Bridge­port women’s soc­cer’s jour­ney ends with a na­tional ti­tle

The Register Citizen (Torrington, CT) - - SPORTS - JEFF JA­COBS

The state po­lice were wait­ing for them at the Con­necti­cut line. The Uni­ver­sity of Bridge­port women’s soc­cer play­ers, on the long bus drive back from Pitts­burgh, didn’t know what was hap­pen­ing. How could they? Af­ter all, this was the pro­gram that went 0-15 in Mag­nus Nilerud’s first-year as coach in 1999.

And this was the team that went out for a twogame trip to Michi­gan in Septem­ber. Against the ad­vice of his wife Sharon, Nilerud took his team into Grand Val­ley St. and got smoked, 6-0. The shots were 28-2.

And now here they were on Sun­day, 30 miles from the end of their jour­ney.

It is one that starts with a fresh­man ar­riv­ing at Bridge­port from Karl­stad, Swe­den, in 1995. A Swede coach­ing the men’s team heard about Nilerud, re­cruited him and promptly left a month be­fore he ar­rived. This didn’t stop Nilerud from be­com­ing a fouryear starter and two-time All-New Eng­land Con­fer­ence se­lec­tion.

Joe Bar­roso, now the Sa­cred Heart men’s coach, coached Nilerud his fi­nal two years at Bridge­port. Bar­roso also coached the Bridge­port women. As Nilerud grad­u­ated in mar­ket­ing in 1999, Bar­roso ac­cepted the Sa­cred Heart’s women job.

Nilerud was plan­ning to work at a mar­ket­ing firm in

New York City.

“I had grown pretty close with the AD (Joe DiPuma),” Nilerud said. “He was like, lis­ten, I’m a Man­hat­tan guy, I know the en­try level po­si­tion you’re go­ing into and I’ve got­ten a job through a friend of ours. That com­pany is not go­ing to go un­der if you don’t go there now.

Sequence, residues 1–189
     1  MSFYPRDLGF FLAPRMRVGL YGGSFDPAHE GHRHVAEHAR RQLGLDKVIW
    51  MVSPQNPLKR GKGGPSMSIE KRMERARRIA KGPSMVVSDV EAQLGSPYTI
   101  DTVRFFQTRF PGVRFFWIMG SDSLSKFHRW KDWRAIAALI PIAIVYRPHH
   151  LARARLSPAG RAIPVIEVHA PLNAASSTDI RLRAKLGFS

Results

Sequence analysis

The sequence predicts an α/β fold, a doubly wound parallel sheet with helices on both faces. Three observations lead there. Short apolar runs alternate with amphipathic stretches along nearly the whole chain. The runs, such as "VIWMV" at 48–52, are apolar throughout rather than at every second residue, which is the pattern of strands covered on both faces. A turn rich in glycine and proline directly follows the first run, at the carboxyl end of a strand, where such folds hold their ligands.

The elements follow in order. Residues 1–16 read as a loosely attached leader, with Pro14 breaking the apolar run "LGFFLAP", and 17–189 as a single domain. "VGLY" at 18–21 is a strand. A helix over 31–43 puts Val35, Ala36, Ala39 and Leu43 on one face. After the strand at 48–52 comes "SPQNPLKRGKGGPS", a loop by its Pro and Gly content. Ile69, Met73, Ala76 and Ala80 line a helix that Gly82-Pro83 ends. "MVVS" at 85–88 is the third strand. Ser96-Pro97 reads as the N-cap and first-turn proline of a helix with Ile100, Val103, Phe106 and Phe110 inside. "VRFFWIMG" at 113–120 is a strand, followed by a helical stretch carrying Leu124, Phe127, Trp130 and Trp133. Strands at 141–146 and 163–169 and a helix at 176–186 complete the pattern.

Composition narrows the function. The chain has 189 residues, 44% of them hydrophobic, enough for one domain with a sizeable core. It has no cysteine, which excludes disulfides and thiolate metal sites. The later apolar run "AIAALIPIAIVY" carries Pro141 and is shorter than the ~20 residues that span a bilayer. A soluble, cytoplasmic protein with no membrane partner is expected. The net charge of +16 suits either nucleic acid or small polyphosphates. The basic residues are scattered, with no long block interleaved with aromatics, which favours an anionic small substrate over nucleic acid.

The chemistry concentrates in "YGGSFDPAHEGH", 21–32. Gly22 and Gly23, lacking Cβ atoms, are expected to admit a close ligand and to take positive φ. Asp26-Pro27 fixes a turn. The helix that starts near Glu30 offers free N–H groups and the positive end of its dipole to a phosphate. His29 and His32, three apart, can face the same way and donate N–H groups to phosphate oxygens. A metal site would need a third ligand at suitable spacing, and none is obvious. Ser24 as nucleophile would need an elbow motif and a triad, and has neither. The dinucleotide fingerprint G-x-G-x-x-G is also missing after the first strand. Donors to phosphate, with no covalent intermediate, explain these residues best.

“Can you just do me a solid? Get me through the sea­son and go into Man­hat­tan when the sea­son’s over. I went to the guy who em­ployed me, and he said no wor­ries.”

Just like that, Nilerud was a col­lege soc­cer coach.

“We had four kids turn up for pre­sea­son,” Nilerud said. “I ba­si­cally spent the en­tire sea­son walk­ing through the dorms and din­ing hall, ask­ing kids, ‘Can you jump on the bus and go to Al­bany to play?’

“Men’s and women’s bas­ket­ball were very, very good and if women’s soc­cer didn’t go through with the sea­son, in re­turn, the bas­ket­ball teams wouldn’t qual­ify for the NCAA Tour­na­ment.”

The Pur­ple Knights scored five goals. All sea­son. They con­ceded 163. First game they lost to St. Rose, 19-0.

“I went into my AD and said, ‘When I’m sit­ting in my rock­ing chair and my grand­kids say, grandad, I heard you were a col­lege coach, this isn’t the le­gacy I want to leave be­hind. Give me one more year.’ (DiPuma) said go for it.”

Nilerud went 7-12, then 10-8 and hasn’t had a los­ing sea­son since. He never took that job in New York. The Pur­ple Knights have be­come a sta­ple in the NCAA Tour­na­ment. Nilerud has been na­tional coach of the year.

Yet Bridge­port — let alone women’s soc­cer — had never won a NCAA team cham­pi­onship.

“I’ve al­ways said it’s easy to go from aw­ful to av­er­age,” Nilerud said. “We sold kids that we’re build­ing the pro­gram around them. We turned it around pretty quickly. The chal­leng­ing part was go­ing from good to very good. You didn’t only have to change play­ers, you had to change a men­tal­ity.”

A turn­ing point came in 2004. Bridge­port beat Adel­phi on the road. Adel­phi went on to the na­tional fi­nals.

“Our first re­ally big win,” Nilerud said. “The kids started to be­lieve.”

Bridge­port would go on to to qual­ify for the NCAA Tour­na­ment 10 of 12 years, although 2017 had been a re­build­ing year of 8-8-2.

“This year’s team is not the best play­ers we’ve had,” Nilerud said. “Our 2009 and 2016 teams had bet­ter play­ers by far, but the group that wins nor­mally is the team with the best chem­istry. The in­tegrity of this locker room, these kids were so united, the stars were aligned.